“How to talk to little girls”: A Variation

I recently skimmed over an article similar to this and though I think the basic premise is good, I disagree with a basic sentiment. So here’s my version.

Children are individuals. They are people. Little people, yes, but people. We need to begin treating them as such. Here’s how: Continue reading

Advertisements

Spring Fixins

So I have a super cool couch. It’s an L-shape with a snazzy ottoman and it’s as large as a full sized bed when all laid out. I’ve made a habit of taking the removable covers off every now and then and throwing them in the wash. Not just because it gets them clean, but also because it makes the whole couch seem nice and even and even looks more comfy. . . at least I think so. 😉

But there was one single problem with my couch. The couch-makers sewed the ottoman together all wrong. It looked something like this when I explored the stitch work: the top upholstery part was sewn directly to the leather and then the lining was sewn to the bottom of the leather base so if you looked at it cut out it looked like this: upholstery, leather, lining. Which is basically like saying top, bottom, middle. See the lining should have been sewn to the upholstery so it could be washed too. To make things even better, the leather is actually tacked on to the ottoman by both upholstery staples and the four feet that hold it up. Designed by a genius, I swear.

So what did I do to remedy this? I tore it apart, naturally.  Continue reading

Fashion Done Right

This is not a post telling you what to wear. This is not an explanation of which colors go with what others. This is not a quiz to find out your body shape and what item of clothing you should wear depending on it.

This, ladies and gents, is a round of applause for designers that know what they’re doing in all aspects their trade. Continue reading

On Spiders

As a child, I was never really *scared* of spiders. I was fascinated by them. I never wanted to touch them (spiders are icky and gross), but I would watch them and follow them and always observed some form of intelligence in them. When I felt really brave, I would try to tempt one onto a twig.

And then someone showed me a picture of one up close. And I saw all of those eyes. Those beady little eyes staring back at me. Marking my every move. Noting my attentiveness to their motions. Watching me.

And that’s when I decided that all spiders must die.

You see there’s this thing called the uncanny valley. The graph will probably help you understand this concept if you’re not familiar with it. The idea is that when things are made more and more human like, there is a point before they actually look (or act) human called the uncanny valley. Corpses, ventriloquist dummies, and human-like robots all tend to be placed in the valley because rather than being familiar and comfortable, they’re just creepy and strange.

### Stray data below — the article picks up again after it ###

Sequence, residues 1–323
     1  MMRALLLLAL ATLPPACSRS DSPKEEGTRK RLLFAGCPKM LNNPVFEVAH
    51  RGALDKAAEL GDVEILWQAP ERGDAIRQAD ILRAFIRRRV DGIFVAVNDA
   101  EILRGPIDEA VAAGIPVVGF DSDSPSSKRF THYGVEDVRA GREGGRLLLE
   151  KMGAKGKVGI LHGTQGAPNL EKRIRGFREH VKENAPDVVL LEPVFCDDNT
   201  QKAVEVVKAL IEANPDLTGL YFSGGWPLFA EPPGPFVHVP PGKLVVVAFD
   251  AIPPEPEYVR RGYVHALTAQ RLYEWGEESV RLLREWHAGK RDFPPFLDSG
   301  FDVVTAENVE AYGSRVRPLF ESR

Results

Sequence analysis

Now I know what you’re wondering: Denise, spiders don’t look like humans at all. In fact, not even close. Why on earth do you place them in the uncanny valley?

The answer is quite simple: Eeeeeeeeew I can't look at 'em!

Look at ’em. Staring at you. You know this spider is planning your demise. Now does a spider look like a human? No, of course not, that’d be silly. But their eyes could easily convince me that these little creatures have some form of consciousness and that they’re out to get us. In fact, it wouldn’t surprise me if the entire spider race is actually conscious and morally evil. It would explain so much. Like why they watch us while we sleep and follow us around the house. Evil, pesky little things.

And that, ladies and gents, is why spiders are evil, kinda human-like, and deserve to die.

Vlog

In about a week or so I’m going to make my first vlog, as soon as this moving nonesense is taken care of. And I’m going to vlog (that’s video-blog, for those of you old farts) about the mother fuckin MVA. Now, normally I try to keep my language classy on this blog, but there’s just nothing classy about the MVA. I don’t feel the need to put that extra umph of vocabulary into anything about the MVA, because let’s be realistic: when you know you need to go to the MVA, the first thing that comes into your mind is “oh fuck”. Whether you say it or not.